By Dick Barrett

Conference Minister

If my people who are called by my name humble themselves, and pray and seek my face and turn from their wicked ways, then I will hear from heaven and will forgive their sin and heal their land. — 2 Chronicles 7:14 (ESV)

Over the past several months we have witnessed several African American people die at the hands of mostly white police officers. As a former police officer, I must say that the videos of the incidents, especially the death of George Floyd, both sicken and greatly sadden me. The incidents are evidence of little progress in race and police-community relations in America over the past 100 years. In many places the response has been almost as tragic with protests in several cities that started as peaceful but predictably turned violent. We witnessed a collective mentality of people of all colors destroying property, stealing, committing arson, attacking police officers, and some officers responding in a like manner.

These events come on the heels of more than a decade of people in America becoming more and more divided, divisive and polarized on just about every issue one can think of. We are even fighting over whether or not one should wear a mask to help prevent the spread of the coronavirus. More important than the issues themselves, whether large or small, all the divisiveness has caused us to turn against other human beings, other human beings who also have been created in the image of God. I have heard people ask this question (or something similar): “Shouldn’t America be better than this?”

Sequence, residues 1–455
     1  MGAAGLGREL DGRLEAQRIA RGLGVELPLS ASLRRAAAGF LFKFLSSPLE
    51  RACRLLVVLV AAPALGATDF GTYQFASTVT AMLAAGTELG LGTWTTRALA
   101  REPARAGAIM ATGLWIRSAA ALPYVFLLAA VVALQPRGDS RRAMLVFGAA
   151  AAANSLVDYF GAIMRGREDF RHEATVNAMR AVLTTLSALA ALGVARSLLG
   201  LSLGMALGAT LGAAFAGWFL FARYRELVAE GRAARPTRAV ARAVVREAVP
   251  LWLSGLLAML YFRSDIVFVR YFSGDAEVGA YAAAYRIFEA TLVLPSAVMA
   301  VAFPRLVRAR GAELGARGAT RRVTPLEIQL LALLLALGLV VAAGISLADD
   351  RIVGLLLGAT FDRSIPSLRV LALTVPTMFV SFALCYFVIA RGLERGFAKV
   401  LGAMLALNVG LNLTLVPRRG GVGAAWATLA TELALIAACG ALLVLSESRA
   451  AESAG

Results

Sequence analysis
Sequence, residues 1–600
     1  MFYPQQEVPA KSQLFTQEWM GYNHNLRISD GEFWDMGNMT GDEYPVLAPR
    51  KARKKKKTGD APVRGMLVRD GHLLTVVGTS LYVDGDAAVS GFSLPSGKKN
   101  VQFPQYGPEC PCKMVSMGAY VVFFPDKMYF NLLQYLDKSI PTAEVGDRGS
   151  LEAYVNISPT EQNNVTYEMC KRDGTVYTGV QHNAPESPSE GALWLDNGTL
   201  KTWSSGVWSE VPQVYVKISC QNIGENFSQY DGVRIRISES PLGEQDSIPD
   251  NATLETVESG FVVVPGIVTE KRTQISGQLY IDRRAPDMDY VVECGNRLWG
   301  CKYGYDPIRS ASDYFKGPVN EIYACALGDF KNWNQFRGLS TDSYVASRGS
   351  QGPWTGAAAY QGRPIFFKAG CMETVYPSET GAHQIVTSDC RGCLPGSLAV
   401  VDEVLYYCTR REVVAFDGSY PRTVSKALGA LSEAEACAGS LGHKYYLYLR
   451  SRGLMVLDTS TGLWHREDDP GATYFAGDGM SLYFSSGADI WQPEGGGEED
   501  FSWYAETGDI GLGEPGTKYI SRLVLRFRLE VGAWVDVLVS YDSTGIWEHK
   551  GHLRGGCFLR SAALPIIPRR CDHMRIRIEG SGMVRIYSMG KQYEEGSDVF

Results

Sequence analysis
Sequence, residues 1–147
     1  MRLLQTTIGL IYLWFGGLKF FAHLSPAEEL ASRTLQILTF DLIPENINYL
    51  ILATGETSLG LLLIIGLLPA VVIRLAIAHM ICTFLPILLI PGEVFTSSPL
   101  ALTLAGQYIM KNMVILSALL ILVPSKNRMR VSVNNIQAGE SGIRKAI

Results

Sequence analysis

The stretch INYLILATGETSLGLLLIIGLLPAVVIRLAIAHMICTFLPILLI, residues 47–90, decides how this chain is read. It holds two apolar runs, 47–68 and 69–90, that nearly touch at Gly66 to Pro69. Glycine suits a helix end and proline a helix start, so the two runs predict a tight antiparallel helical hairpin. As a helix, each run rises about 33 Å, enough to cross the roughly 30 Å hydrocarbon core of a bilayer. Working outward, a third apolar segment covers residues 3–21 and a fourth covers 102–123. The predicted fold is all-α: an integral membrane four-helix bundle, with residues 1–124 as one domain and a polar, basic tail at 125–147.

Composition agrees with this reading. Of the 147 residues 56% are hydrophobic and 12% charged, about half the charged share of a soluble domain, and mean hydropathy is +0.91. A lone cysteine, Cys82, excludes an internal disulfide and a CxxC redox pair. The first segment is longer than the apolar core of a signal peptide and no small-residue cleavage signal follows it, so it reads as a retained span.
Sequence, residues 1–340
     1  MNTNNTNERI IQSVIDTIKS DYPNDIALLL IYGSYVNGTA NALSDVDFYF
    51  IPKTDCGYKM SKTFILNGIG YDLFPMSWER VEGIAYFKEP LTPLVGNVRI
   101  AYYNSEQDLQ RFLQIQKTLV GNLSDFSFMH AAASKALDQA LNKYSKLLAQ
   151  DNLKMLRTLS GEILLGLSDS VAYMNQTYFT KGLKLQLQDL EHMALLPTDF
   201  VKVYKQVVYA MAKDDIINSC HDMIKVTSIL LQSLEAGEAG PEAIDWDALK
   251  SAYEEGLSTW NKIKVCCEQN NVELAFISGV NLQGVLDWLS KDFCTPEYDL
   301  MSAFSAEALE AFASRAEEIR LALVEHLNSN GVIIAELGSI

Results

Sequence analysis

Unfortunately, much of the division, divisiveness and polarities have seeped into the Church. All of this has made me ask, “Are we fighting the wrong battles with the wrong weapons?” The apostle Paul said, “Our battle is not against other human beings. We are fighting against forces and authorities and against rulers of darkness and powers in the spiritual world” (Ephesians 6:12). As the Church we need to be careful that we are not being drawn into the battles and fighting with the same weapons that the world is using.

Recently in my daily devotional reading I came across a quote from Howard Snyder from his book The Community of the King, which I think captures well the role of the Church in relation to the nation of America, and/or any other earthly nation: “The church is not to be understood primarily as a means to the end of transforming society. This would be to trample over the uniqueness and infinite worth to God of the Christian community. Besides, the amazing and profound fact is that the Church most transforms society when it is itself growing and being perfected in the love of Christ. In fact when the Church is taken merely as a means to transform society, very little is accomplished. For in that case the uniqueness of the Church is denied and we enter the battle on the same terms as secular and godless forces. We assume the battle for right and justice can be won by force, by technique, by doing. It can’t! These very clearly are not the weapons of Christian warfare (Ephesians 6:10-20). Truly Christian transformation of culture comes through Christlike sacrificial love, community and being.”

Regarding the question, “Shouldn’t America be better than this?” my answer is, “I’m not sure.” What I am sure of is that God expects the Church to be better than any secular nation and to fight our battles with different weapons — with the love, grace, mercy and peace of God the Father and Jesus Christ our King.